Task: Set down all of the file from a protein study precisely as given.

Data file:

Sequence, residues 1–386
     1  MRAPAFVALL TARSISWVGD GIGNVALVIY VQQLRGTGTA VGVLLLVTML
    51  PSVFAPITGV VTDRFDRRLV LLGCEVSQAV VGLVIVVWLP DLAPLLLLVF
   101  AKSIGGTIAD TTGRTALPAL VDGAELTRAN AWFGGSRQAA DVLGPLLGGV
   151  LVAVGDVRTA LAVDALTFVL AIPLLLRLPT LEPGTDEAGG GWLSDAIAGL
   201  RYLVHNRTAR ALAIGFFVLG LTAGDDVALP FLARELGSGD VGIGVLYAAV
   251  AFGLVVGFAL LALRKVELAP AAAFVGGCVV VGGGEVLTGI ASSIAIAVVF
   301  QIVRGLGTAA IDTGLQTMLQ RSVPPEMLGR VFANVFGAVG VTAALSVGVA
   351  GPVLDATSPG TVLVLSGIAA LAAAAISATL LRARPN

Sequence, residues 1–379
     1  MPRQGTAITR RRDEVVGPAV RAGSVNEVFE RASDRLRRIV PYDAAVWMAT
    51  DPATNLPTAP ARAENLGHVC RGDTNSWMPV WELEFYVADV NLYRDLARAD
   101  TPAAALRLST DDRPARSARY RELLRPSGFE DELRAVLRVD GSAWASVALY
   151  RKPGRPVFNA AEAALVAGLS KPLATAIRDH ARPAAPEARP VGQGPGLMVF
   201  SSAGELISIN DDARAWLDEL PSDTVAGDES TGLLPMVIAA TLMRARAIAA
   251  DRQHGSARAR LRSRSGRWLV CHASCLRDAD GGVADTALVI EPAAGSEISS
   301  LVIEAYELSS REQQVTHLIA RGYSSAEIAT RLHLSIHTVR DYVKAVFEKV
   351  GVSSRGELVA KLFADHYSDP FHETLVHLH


Sequence, residues 1–386
     1  MRAPAFVALL TARSISWVGD GIGNVALVIY VQQLRGTGTA VGVLLLVTML
    51  PSVFAPITGV VTDRFDRRLV LLGCEVSQAV VGLVIVVWLP DLAPLLLLVF
   101  AKSIGGTIAD TTGRTALPAL VDGAELTRAN AWFGGSRQAA DVLGPLLGGV
   151  LVAVGDVRTA LAVDALTFVL AIPLLLRLPT LEPGTDEAGG GWLSDAIAGL
   201  RYLVHNRTAR ALAIGFFVLG LTAGDDVALP FLARELGSGD VGIGVLYAAV
   251  AFGLVVGFAL LALRKVELAP AAAFVGGCVV VGGGEVLTGI ASSIAIAVVF
   301  QIVRGLGTAA IDTGLQTMLQ RSVPPEMLGR VFANVFGAVG VTAALSVGVA
   351  GPVLDATSPG TVLVLSGIAA LAAAAISATL LRARPN

Sequence, residues 1–379
     1  MPRQGTAITR RRDEVVGPAV RAGSVNEVFE RASDRLRRIV PYDAAVWMAT
    51  DPATNLPTAP ARAENLGHVC RGDTNSWMPV WELEFYVADV NLYRDLARAD
   101  TPAAALRLST DDRPARSARY RELLRPSGFE DELRAVLRVD GSAWASVALY
   151  RKPGRPVFNA AEAALVAGLS KPLATAIRDH ARPAAPEARP VGQGPGLMVF
   201  SSAGELISIN DDARAWLDEL PSDTVAGDES TGLLPMVIAA TLMRARAIAA
   251  DRQHGSARAR LRSRSGRWLV CHASCLRDAD GGVADTALVI EPAAGSEISS
   301  LVIEAYELSS REQQVTHLIA RGYSSAEIAT RLHLSIHTVR DYVKAVFEKV
   351  GVSSRGELVA KLFADHYSDP FHETLVHLH